Happy Birthday to the Most Irritating Houseguest Charles Dickens Ever Had

Hans Christian Andersen was born in Odense, Denmark, on the second of April, 1805. As a small child, Andersen’s father read to him Arabian Nights - thus introducing the young child to both classic literature and what one might deem a “fairy tale”. At the age of 14, he moved to the capital to become an actor […]

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Why We Should Thank Charles Dickens on His Birthday!

Every year we post a blog about Dickens around this date… it is his birthday, after all! What better way to honor our main man than keep his writing and memory alive? This year we thought we’d do something a bit different – instead of a long rambling blog about some aspect of his life, […]

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Charles Dickens & the Beginning of “The Pickwick Papers”

By Margueritte Peterson Get yourselves ready for one of the most morbid (therefore, we celebrate it in high style) days of the year… the anniversary of Dickens’ death! Every year we do a Dickens blog around this day, though I prefer to think of it more as a celebration of life blog, rather than as […]

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Adah Isaacs Menken’s Relationship with Charles Dickens: A Blog in Honor of his Upcoming 204th Birthday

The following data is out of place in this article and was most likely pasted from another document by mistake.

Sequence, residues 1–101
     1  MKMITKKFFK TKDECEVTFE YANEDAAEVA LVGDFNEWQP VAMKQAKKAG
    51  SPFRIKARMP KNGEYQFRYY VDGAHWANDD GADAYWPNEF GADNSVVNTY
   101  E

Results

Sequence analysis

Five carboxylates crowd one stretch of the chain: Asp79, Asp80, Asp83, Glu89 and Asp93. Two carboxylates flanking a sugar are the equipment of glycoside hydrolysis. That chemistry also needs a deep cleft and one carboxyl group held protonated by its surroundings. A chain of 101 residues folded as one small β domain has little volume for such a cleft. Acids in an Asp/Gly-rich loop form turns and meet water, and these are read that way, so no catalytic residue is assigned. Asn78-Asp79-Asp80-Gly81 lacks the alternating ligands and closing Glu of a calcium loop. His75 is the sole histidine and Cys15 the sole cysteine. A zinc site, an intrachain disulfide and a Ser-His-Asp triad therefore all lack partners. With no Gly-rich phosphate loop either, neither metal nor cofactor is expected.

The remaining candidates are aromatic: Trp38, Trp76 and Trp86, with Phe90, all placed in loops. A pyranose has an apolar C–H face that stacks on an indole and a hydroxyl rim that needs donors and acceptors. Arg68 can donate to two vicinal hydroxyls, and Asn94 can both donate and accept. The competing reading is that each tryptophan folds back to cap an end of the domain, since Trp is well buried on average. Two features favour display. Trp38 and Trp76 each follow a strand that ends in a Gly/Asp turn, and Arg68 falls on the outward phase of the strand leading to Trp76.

By Margueritte Peterson  “[Menken] is a sensitive poet who, unfortunately, cannot write.” -Charles Dickens Adah Isaacs Menken died in Paris on August 10, 1868, only eight days before her collection of poems, Infelicia would be published. Dedicated to Charles Dickens, Infelicia highlights Menken’s complicated relationship with her literary contemporaries—and, perhaps, her unfailing talent for generating […]

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Theatrically Speaking: Charles Dickens, his Amateur Theatricals & his Performances at the Podium

No one reading a Dickens novel can deny the author’s enthusiasm for the theatrical. To see a young orphan used and abused by adults at every turn, to have to bear a young girl dying and her desolate grandfather withering away by her grave, or a miser being shown the error of his ways by […]

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Charles Dickens and the Impenitent Prostitute

Charles Dickens, in many ways, stands for Victorianism; indeed it’s impossible to think of the era without him, and he defined the period in many ways. Yet we cannot assume that Dickens represents his contemporaries in all things. His own upbringing shaped his sense of social justice in ways that did not always reflect the […]

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Charles Dickens’ Fraught Relationship with Harriet Beecher Stowe

One hundred years after Harriet Beecher Stowe’s Uncle Tom’s Cabin was published, Langston Hughes called the novel “the most cussed and discussed book of its time.” Hughes’ failure to comment on the literary merits of Uncle Tom’s Cabin hints at the persistent disagreement among writers, critics, and the reading public about the novel’s actual quality. […]

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